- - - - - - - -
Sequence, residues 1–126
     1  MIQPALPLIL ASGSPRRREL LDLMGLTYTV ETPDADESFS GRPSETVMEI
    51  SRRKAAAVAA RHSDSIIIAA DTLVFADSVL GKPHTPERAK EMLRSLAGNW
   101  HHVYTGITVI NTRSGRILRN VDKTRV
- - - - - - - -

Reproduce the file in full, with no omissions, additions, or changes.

Sequence, residues 1–126
     1  MIQPALPLIL ASGSPRRREL LDLMGLTYTV ETPDADESFS GRPSETVMEI
    51  SRRKAAAVAA RHSDSIIIAA DTLVFADSVL GKPHTPERAK EMLRSLAGNW
   101  HHVYTGITVI NTRSGRILRN VDKTRV